11:43 Tuesday 3rd February 2015
BBC Radio Cambridgeshire
PAUL STAINTON: Yesterday we were asking why energy prices haven’t fallen in line with the falling cost of oil. Today gas and electricity firms have been hammered by Which magazine who say they’ve not passed on the sharp fall in wholesale energy prices, and they could have helped families save £145 over the past year. Well, there’s a chink of good news this morning regarding many of our water bills. Anglian Water have announced their charges will drop by 7%. The average annual bill will drop by £29. Emma Staples is from Anglian Water. Emma Morning. Why the drop now?
EMMA STAPLES: Well we’ve been planning this next five year period for what seems like a lot longer than two years. But about two years ago we spoke to around 50,000 customers to ask them what was really important to them, how they wanted us to spend their money. And we’ve based this plan, over the next five years, on that feedback. So it’s a balancing act between keeping bills as low as we can, and investing in the areas that are important to people, things like reducing leakage, protecting the environment, reducing the risk of flooding. So this has been a long time in the making, but today we’re able to say what the bill reduction will be including inflation. So people really know what things are going to look like in terms of what’s coming through the letterbox.
PAUL STAINTON: Yes. You mentioned leakages, which are a particular problem in Peterborough, aren’t they?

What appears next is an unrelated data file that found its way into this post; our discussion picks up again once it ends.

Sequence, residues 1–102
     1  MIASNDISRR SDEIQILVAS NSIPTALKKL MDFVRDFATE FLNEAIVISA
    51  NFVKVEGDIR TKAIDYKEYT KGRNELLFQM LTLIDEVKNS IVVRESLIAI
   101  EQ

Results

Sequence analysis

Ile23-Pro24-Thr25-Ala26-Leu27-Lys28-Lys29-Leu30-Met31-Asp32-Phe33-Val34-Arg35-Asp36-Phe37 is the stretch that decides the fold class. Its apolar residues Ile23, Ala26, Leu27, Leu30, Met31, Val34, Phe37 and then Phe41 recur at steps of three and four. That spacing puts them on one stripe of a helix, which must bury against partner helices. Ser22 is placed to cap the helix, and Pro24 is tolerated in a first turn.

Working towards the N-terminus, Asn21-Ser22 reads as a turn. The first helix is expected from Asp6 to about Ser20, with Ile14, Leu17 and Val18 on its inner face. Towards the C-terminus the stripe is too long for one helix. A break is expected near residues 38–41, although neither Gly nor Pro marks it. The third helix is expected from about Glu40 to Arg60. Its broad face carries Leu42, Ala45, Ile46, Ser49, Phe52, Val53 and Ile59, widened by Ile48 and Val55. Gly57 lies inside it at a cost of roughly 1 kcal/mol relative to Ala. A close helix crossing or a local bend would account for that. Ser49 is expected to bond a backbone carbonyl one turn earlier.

EMMA STAPLES: We have actually started a scheme there to deal with that, which is part of this £60 million roll-out which we’ll be delivering over the next five years too. There’s significant investment started there last year to reduce the pressure of certain parts of the network, to reduce the risk of pressure spikes, which are ultimately what caused burst mains. And that so far has been working well, and we’re looking to roll that out across the East of England.
PAUL STAINTON: I suppose it’s slightly easier for water companies than perhaps oil, gas or electricity companies, because your raw material that you purchase effectively and you pass on to us doesn’t go up and down in price quite so dramatically, does it?
EMMA STAPLES: No that’s right. Ultimately we just need to collect it, but collecting it, treating it, transporting it, then taking it all away again obviously has huge costs associated, when you scale it up for six million customers that we have in the East of England. But of course we’re also a very flat region. We’re also a very dry region, the driest in the UK, and that has its challenges too. So there’s quite a lot of money being invested in Grafham Water specifically, around £22 million, where we’re looking at resilience of our network. One point five million people inside and outside of Cambridgeshire rely on that treatment works to make sure that if things do become dry again in future that we can still provide water to people.
PAUL STAINTON: Yes. And you mentioned that it’s about £29 I think off an annual bill that you’re dropping the price by. Is this a start of a number of price drops, or is this just a one-off?
EMMA STAPLES: Well we appreciate that household budgets are under pressure, and we’ve front-loaded all of our reduction now, so people get the benefit when they need it most. We don’t know what the next four years are going to bring in terms of inflation, but we won’t be putting bills up by any more than inflation. So people get the benefit now, and any increases going forward will be linked to inflation.
PAUL STAINTON: Emma thank you. Emma Staples from Anglian Water. A bit of good news about water prices this morning.